One of the greatest objections to theistic religions, especially Christianity, is the inherent problem of evil. The question is asked, “How could a loving, powerful God allow evil to exist?” Some would answer that God is loving, but not really all-powerful. Thus, such a person would answer that God loves, but is unable to stop evil from occurring. However, this cannot be an accurate biblical answer as the Bible proclaims God as an omnipotent God. Job said to God, “I know that You can do anything and no plan of Yours can be thwarted.” (Job 42:2). In Revelation, God says “I am the Alpha and Omega…the One who is, who was, and who is coming, the Almighty” (Revelation 1:8). Others would claim that God is powerful, but unloving; unconcerned with the woes of humanity. But biblically, such a theory could not be supported. God is said to be the embodiment of love. John writes in 1 John 4:8, “θεὸς ἀγάπη ἐστίν.” Love is an attribute of God. Thus, God is concerned about humanity because it is in His nature to love. So how does one find a working answer to this problem? It is believed that an answer is found in the story of Joseph. Joseph was sold by his brothers into slavery. What was a horrible act was turned on its head in the end. Joseph was elevated to a high position in Egypt and eventually helped save his family. Joseph said to his brothers, “Don’t be afraid. Am I in the place of God? You planned evil against me; God planned it for good to bring about the present result—the survival of many people” (Genesis 50:19-20). In this writer’s opinion, three fundamental positions are presented from Joseph’s statement. It will be the intent of this article to argue that God’s omnipotence and omnibenevolence are compatible in a world of evil if God works evil things for good. In order to accomplish this, the article will examine the foreknowledge of God, God’s permissive will in allowing free evil acts, and the sovereign control of God in order to work things for good.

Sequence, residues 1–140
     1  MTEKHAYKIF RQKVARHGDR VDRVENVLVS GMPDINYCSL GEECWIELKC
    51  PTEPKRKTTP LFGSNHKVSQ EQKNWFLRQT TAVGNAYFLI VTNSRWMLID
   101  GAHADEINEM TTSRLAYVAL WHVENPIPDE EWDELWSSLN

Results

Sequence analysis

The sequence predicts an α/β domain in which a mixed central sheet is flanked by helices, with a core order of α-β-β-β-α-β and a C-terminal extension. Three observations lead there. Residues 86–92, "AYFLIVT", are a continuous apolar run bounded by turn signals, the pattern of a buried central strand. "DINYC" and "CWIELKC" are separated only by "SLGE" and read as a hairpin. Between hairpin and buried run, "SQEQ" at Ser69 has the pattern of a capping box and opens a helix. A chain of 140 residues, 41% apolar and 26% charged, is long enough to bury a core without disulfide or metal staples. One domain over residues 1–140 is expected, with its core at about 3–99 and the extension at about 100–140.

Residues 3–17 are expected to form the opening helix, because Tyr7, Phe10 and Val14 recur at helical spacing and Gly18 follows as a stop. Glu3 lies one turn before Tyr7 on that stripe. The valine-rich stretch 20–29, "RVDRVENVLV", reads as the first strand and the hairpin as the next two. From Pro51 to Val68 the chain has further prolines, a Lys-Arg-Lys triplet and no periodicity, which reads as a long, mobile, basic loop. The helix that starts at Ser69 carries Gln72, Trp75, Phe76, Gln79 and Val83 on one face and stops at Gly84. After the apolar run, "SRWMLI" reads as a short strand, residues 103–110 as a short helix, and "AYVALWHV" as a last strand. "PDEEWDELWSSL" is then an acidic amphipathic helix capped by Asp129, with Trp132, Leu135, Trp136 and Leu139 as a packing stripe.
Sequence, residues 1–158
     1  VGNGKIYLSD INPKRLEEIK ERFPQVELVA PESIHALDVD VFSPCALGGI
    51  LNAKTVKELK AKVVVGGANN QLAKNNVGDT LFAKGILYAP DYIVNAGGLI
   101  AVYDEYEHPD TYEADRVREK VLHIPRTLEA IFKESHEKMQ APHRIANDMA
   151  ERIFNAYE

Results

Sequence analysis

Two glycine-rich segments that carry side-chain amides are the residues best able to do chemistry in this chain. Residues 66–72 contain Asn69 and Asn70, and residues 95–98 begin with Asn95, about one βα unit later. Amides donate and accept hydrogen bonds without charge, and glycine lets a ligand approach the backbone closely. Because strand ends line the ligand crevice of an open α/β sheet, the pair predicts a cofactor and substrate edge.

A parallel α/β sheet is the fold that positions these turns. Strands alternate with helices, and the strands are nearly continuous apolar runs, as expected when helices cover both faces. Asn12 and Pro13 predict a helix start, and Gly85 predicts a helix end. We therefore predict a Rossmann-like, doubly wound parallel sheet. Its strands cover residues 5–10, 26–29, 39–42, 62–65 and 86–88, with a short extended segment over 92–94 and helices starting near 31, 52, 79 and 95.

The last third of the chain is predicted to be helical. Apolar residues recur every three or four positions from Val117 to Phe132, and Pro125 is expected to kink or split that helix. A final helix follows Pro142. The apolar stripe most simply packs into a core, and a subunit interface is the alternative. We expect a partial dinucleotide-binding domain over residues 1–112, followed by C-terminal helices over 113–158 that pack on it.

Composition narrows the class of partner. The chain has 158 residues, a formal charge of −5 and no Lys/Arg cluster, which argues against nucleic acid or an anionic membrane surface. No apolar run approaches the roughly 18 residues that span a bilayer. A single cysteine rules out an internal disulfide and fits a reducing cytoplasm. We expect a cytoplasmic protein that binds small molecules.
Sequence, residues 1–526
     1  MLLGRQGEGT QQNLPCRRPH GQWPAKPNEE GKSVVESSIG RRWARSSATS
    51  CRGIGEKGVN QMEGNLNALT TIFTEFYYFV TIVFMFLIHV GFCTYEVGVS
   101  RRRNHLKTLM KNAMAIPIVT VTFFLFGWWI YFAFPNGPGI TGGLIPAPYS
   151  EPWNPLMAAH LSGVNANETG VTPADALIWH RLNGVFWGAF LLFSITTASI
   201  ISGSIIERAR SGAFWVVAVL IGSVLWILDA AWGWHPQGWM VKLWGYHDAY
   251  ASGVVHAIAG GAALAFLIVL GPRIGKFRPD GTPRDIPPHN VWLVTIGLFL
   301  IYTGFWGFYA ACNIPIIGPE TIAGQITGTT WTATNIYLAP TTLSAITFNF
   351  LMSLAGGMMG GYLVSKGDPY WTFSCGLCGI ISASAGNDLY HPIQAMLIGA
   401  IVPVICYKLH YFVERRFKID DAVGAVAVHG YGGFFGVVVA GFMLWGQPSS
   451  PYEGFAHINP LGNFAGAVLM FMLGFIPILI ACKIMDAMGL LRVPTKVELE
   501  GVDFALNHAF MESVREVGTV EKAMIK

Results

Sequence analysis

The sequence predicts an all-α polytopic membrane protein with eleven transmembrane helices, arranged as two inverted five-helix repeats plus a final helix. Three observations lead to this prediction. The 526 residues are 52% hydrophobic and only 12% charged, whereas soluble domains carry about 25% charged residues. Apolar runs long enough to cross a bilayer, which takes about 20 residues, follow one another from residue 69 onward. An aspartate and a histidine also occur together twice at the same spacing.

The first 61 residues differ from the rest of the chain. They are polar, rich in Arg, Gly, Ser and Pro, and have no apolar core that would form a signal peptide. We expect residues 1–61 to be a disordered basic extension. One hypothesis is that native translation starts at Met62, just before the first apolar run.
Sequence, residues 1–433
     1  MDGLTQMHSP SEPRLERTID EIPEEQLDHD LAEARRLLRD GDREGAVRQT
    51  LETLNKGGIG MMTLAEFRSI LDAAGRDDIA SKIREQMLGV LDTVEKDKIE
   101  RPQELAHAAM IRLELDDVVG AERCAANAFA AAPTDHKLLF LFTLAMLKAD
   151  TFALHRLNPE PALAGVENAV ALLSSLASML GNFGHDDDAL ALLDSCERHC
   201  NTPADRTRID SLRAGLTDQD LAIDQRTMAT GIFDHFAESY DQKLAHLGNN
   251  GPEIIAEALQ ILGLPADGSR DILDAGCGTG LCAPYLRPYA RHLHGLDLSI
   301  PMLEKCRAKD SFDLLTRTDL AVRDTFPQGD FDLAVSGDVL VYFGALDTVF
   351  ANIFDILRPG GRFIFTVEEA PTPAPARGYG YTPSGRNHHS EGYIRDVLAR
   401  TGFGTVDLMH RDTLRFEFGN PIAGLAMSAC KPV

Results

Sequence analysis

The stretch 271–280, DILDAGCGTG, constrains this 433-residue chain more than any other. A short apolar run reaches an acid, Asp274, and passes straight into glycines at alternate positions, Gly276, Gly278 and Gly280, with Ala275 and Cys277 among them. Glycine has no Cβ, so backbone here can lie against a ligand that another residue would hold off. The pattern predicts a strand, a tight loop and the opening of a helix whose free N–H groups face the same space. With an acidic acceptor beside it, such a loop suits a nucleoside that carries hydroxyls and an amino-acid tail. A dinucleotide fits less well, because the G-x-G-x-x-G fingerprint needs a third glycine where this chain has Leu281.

God Knows All That Would Happen